Private investment in European technology companies hit 6.8bn euros (£4.10bn) last year, with a 70 per cent rise in the number of transactions undertaken to almost 4900, according to a report published by PricewaterhouseCoopers (PwC) in June.
But the Money for Growth report, which looked at European venture capital (VC) and private equity investments in the technology industry, also highlighted a shift in the VC landscape, with potentially serious implications for those looking to go it alone.
"If you want to create a dotcom, you're 12 months out of date," warned Robert Conway, PwC's global financial advisory services leader. "The dotcom era has gone - certainly in the business-to-consumer (B2C) space, and pretty much in the business-to-business (B2B) market. Unless you have a very strong story, market investors are being highly selective. You have to go forward, instead of riding on the crest of a wave that's already ebbed."
"In B2C it's all about branding, and you need an awful lot of money to create another Amazon. Unless you know the industry sector very well and have identified where you can create a niche, you're probably too late," he added.
To make matters worse, there's still a huge gulf between the funding available to European companies and their cousins across the Atlantic. The US injected three times as much VC money as Europe into technology-specific organisations last year. Over the last 12 months, Europe has sunk $1bn into internet stocks, while the US invested an equivalent amount during the first quarter of 2000 alone.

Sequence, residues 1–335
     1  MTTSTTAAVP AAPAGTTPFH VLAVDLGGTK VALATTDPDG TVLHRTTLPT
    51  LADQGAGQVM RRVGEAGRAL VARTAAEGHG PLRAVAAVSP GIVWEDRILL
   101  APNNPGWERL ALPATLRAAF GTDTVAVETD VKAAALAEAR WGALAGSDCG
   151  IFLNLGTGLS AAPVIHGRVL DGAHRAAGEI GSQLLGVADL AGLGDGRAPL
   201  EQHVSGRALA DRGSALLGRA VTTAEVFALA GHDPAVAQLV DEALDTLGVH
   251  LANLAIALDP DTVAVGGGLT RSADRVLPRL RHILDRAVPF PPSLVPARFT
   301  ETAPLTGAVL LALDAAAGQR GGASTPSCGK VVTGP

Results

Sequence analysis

Conway denies that any reluctance on the part of VCs to invest in dotcoms has been aggravated by the recent flurry of well publicised crashes. "It's a question of good business economics that there are only two or three players that will be successful in any one market," he said.
There's still an enormous amount of venture capital available to the technology sector, however, and Conway believes that the current climate provides a more realistic picture of a startup's chances of success. "VCs are looking for proven concepts. You need to be able to demonstrate that it's going to make money, that you have identified your customers and have a product at beta stage," he said.
And Keith Arundale, the report's director, certainly does not feel that it is all doom and gloom. "Early indications from the US, the arrival of new large funds in Europe from US players, our own pipeline of technology opportunities and initial public offerings waiting to happen, do not indicate that the technology trend is declining," he said.
Even so, the recent sharp fall in technology stock valuations has added a few extra hazards and roadblocks for technology companies and their investors making the leap from business plan to flotation. It's now a case of playing smarter and being able to identify new and exciting opportunities.
The bottom line, Conway says, is that quality, outstanding technology and underlying business fundamentals remain the key to success. "The story for UK technology firms is you can't be successful on the back of an idea anymore," he concludes.
|Money for Growth: 1999 highlights|
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